As you probably read below in Tara’s post, our court appearance went very well. Ten days from now we will officially be the proud parents of Elizabeth! And now Vika tells us that we get to visit her not just a few times, but every day except Sunday. I don’t know what Elizabeth has on her schedule for Sundays, but apparently she’s busy. 🙂 To me, being allowed daily visits is HUGE because we need to reestablish that bond with her as much as possible before we travel back home with her.
For the record, the courthouse is on Sovetskaya Street. [UPDATE: This might be it here, on the right..] The courtroom number was 114; just in case that means anything in numerology. 🙂 In court, of the eight of us, I was the only man. For some reason, that calmed my fears a bit. I guess because I knew that if push came to shove, I could “take ’em.” 🙂 There was no “bailiff” or any sort of security person, which surprised me. I was expecting several unsmiling men with guns, in those iconic red and green Russian army uniforms.
One of the “witnesses,” looking at the photo album before the hearing began, noted how much Elizabeth looks like Tara. I joked that she looks more like me, just because I’m contrary like that.
Once the hearing began, each person except for the judge stood and introduced herself, talked about her hopes and dreams and … OK, not really, but they did state their names and titles. As expected, they started the questioning with me. I talked about how long Tara and I have been married, why we’re adopting, why from Russia, and how much we love Elizabeth. A lot of it is just a blur, but apparently I performed well. They asked each of us about our jobs and finances, and me specifically regarding experience with children, what we would do with Elizabeth if we were divorced, and did we have a prenuptial agreement. That one also surprised us. I said that, in accordance with the pre-nup, we would sell her to the highest bidder on e-bay. 🙂 Actually, I said we would see who she was closest to, and that person would be the one who kept her. Of course, the other spouse would try to get visitation rights, and there was no pre-nup.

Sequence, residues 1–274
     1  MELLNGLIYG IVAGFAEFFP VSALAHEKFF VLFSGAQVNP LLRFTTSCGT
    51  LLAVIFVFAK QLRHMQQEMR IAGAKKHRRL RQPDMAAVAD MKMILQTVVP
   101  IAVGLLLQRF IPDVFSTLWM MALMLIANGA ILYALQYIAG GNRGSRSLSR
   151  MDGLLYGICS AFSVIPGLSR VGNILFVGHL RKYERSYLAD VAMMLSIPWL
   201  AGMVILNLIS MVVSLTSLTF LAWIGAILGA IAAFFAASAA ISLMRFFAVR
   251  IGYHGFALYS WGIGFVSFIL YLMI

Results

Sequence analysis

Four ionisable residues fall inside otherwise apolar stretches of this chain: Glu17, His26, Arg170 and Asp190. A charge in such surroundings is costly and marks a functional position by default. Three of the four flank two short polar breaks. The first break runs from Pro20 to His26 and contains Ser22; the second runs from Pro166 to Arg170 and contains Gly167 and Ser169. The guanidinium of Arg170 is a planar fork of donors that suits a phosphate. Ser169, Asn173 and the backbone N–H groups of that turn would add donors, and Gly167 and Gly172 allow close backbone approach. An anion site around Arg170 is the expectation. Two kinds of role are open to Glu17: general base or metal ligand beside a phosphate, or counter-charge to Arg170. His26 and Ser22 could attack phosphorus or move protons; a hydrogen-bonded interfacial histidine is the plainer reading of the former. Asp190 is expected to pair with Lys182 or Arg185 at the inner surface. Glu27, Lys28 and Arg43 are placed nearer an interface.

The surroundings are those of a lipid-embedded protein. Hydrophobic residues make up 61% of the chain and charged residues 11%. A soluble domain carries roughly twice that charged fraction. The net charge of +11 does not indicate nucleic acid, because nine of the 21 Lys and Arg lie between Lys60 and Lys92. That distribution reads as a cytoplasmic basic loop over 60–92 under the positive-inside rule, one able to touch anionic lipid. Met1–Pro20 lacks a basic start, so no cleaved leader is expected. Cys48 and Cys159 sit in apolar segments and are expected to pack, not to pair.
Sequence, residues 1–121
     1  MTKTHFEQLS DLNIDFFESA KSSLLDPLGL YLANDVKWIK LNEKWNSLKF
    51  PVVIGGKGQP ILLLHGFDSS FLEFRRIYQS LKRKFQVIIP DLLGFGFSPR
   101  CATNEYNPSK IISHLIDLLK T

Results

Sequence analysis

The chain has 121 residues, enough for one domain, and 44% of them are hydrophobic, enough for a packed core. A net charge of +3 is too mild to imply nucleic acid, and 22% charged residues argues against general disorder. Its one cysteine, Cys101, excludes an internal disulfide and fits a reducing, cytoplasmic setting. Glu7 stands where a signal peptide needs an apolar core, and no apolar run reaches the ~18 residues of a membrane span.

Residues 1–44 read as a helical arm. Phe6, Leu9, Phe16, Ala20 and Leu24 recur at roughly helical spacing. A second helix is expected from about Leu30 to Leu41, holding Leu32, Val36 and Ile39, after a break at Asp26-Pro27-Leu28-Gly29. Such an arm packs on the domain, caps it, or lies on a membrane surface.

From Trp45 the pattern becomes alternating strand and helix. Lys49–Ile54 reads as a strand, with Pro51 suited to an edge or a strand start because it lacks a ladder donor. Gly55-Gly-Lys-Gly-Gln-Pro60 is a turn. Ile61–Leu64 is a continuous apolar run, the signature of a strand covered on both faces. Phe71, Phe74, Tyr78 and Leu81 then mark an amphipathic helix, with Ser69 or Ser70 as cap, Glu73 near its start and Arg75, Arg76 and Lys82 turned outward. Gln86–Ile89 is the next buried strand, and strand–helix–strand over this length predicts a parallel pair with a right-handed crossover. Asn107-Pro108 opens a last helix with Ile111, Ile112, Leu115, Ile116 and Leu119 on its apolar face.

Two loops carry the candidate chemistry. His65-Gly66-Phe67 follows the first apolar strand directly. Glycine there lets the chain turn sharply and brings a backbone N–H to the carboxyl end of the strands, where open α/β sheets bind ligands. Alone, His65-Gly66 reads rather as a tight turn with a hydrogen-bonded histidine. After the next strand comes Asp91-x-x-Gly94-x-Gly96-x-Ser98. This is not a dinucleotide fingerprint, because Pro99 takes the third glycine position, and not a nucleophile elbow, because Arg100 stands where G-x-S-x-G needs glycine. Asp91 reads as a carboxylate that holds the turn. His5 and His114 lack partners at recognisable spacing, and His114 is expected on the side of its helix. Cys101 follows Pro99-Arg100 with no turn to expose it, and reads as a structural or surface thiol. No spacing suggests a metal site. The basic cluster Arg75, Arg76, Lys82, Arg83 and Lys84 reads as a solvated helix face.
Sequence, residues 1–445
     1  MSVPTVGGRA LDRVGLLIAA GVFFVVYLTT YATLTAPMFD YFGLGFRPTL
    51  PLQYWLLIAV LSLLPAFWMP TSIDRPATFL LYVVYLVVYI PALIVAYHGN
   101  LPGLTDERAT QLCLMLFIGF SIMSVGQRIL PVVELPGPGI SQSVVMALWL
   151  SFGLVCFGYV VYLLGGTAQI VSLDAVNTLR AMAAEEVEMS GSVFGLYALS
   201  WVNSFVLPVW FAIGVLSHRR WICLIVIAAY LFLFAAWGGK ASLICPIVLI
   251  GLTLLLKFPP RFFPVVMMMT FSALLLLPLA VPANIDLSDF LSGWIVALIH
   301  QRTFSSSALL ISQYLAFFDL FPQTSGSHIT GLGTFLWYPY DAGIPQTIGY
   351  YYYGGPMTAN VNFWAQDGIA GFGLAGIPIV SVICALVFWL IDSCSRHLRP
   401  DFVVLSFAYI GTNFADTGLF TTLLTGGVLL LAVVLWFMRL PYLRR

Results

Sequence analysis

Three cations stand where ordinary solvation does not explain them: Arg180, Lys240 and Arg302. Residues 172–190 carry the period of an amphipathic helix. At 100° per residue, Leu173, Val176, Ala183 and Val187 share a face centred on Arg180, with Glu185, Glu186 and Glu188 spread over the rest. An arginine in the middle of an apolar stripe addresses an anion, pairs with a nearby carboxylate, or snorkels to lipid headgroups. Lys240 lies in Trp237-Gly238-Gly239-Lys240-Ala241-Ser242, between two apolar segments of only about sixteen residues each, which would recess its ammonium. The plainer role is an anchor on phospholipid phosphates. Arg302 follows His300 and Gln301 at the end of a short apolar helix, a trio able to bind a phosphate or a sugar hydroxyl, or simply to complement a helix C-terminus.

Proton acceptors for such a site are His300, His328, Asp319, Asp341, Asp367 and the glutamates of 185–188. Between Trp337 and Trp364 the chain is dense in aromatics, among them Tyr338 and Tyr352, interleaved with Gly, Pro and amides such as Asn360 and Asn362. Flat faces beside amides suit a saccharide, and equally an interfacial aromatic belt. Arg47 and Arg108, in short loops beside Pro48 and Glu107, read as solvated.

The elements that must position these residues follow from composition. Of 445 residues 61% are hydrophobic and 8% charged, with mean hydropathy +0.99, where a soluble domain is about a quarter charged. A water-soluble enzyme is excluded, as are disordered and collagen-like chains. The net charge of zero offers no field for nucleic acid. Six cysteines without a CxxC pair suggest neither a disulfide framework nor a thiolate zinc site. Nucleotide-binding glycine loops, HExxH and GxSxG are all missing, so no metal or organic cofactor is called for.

At one point, the judge took an unexpected break and left the room. When she returned, she was unable to keep a straight face as she asked, “So, have you changed your mind about this adoption?” I just laughed and said, “No.” After the hearing, Tara and I laughed about that question. “Yeah, we’ve changed our minds. We were just kidding. We never thought we would get this far. I guess we didn’t really think this through.”
At the end of the hearing, she again left the room, this time to make her decision. By the way, every time she came or went, we all had to stand. The same was true whenever we answered one of her questions. It was good exercise.
Anyway, the hardest part is over. Now we just have to worry about the rest of our lives.
After tonight, we will be relocating to a less smoky room on a lower floor. We went and looked at a possible apartment for the rest of our stay, but the neighborhood was just way too broken down, scary, depressing, and isolated. Vika said it was a safe neighborhood, but “you never know.” The apartment itself was OK inside, but we just decided that we had it pretty good at the hotel, after all, so that’s where we will stay.